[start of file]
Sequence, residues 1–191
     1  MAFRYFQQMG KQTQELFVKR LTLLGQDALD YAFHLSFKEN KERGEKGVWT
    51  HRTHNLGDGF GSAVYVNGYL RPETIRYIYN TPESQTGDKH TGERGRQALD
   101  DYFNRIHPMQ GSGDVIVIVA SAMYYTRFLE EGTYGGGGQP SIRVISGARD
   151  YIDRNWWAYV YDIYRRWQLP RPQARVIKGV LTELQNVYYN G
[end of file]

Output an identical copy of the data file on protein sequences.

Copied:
Sequence, residues 1–191
     1  MAFRYFQQMG KQTQELFVKR LTLLGQDALD YAFHLSFKEN KERGEKGVWT
    51  HRTHNLGDGF GSAVYVNGYL RPETIRYIYN TPESQTGDKH TGERGRQALD
   101  DYFNRIHPMQ GSGDVIVIVA SAMYYTRFLE EGTYGGGGQP SIRVISGARD
   151  YIDRNWWAYV YDIYRRWQLP RPQARVIKGV LTELQNVYYN G